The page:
Michigan National Guard vaccinates more than 7500 northern Michiganders

A U.S. Army Solder with the Michigan National Guard, currently serving with Michigan’s Task Force North COVID-19 Vaccination/Testing Team (CVTT) administers the COVID-19 vaccinations to members of the community during a vaccination clinic held at the Grayling Fire Department, Grayling, Michigan, March 13, 2021. Michigan National Guard CVTTs are augmenting with local health care organizations, as requested, in the delivery and administration of the vaccination to Michiganders. (U.S. Air National Guard photo by Master Sgt. David Kujawa)

Michigan National Guard 

Story by Master Sgt. David Kujawa

LANSING, Mich. — The Michigan National Guard’s Task Force North is currently vaccinating more than 7,500 Michigan residents weekly. Two vaccination sites, 30 miles apart in northern Michigan, Grayling and Gaylord, ran concurrently March 13-14.

Task Force North, consisting of 12 COVID-19 Vaccination and Testing Teams (CVTT) and made up of one medic and two supporting administrative personnel, assist local health care departments with
administering vaccinations to northern Michigan counties stretching from Saginaw through the state’s Upper Peninsula.

“Our small department of 12 employees and several volunteers could never accomplish the task of vaccinating the residents of our county without the assistance of the Michigan National Guard (MING),” said Lisa Burmeister, a social worker and site team director for Crawford County Health Department, located in Grayling. “The Soldiers are directing traffic, helping at processing our immunization register and administering the vaccinations. They are conducting business in the most professional manner.”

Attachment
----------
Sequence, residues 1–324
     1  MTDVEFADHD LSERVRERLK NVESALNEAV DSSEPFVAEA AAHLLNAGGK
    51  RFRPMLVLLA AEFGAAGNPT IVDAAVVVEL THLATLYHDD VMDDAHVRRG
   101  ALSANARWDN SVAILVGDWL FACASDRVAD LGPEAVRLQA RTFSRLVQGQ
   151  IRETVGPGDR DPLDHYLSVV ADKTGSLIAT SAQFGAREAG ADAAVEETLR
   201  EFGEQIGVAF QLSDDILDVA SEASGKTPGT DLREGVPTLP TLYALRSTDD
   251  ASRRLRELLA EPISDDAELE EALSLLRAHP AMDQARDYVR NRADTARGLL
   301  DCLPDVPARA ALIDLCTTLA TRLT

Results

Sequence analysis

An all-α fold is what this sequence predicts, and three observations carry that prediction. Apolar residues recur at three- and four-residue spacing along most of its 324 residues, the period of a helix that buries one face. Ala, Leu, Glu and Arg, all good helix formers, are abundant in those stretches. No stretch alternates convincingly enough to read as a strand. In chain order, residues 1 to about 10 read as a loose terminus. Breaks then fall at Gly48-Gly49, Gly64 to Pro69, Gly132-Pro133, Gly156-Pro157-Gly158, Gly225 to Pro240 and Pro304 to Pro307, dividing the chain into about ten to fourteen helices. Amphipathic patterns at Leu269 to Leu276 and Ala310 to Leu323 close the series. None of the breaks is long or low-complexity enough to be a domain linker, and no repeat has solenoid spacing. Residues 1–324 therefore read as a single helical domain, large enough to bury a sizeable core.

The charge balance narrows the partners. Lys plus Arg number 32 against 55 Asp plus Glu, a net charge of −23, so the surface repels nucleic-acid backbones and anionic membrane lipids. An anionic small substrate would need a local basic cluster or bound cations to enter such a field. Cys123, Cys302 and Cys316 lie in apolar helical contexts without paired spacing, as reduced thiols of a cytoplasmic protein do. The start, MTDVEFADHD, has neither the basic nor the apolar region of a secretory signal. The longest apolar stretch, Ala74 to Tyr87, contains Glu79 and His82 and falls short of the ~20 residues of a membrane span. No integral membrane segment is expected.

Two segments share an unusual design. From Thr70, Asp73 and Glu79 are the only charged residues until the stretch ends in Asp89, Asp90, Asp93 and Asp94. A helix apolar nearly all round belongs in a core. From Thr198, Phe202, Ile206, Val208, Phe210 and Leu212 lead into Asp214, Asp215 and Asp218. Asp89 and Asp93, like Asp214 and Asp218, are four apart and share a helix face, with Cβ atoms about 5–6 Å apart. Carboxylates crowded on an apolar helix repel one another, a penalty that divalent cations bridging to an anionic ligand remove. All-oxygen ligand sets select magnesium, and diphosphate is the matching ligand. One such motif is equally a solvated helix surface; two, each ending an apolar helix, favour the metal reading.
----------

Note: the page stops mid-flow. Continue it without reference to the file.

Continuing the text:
Michigan Guard CVTTs support vaccination sites at many different venues across Michigan as requested by the local health departments.

“I could not feel better about what I am doing today,” said U.S. Army Spc. Carson Horning, a combat medic mobilized with Task Force North since Jan. 21, 2021. “It’s ironic that were administering the vaccine at the Grayling Fire House. The coronavirus was like a fire out of control and now I think we have it controlled and soon it will be put out.”

As 2021 began, MING doubled down on their commitment to the safety of Michigan communities by doing everything possible in making the vaccine as accessible as possible.

“Convenience is important for our residents and having sites set up strategically is important in many of the rural areas of northern Michigan,” said Lisa Peacock, a health officer for Otsego County Health
Department in Gaylord. “Planning these events would be far more complicated without the MING’s assisting in the planning, setting up, and working the vaccination sites.”

The Soldiers and Airmen with the MING have spent several months testing for COVID-19 throughout the state, assisting in food banks, and working at regional care facilities. In recent months, the MING began
supporting Michigan’s vaccination efforts.

“Fighting the coronavirus is something to be proud of,” said Horning. “I enjoy meeting and working with the health care workers and we’re all in this together to help our fellow Michiganders.”

“This is history that we will read about in years to come and I will always feel good about the part I played.”

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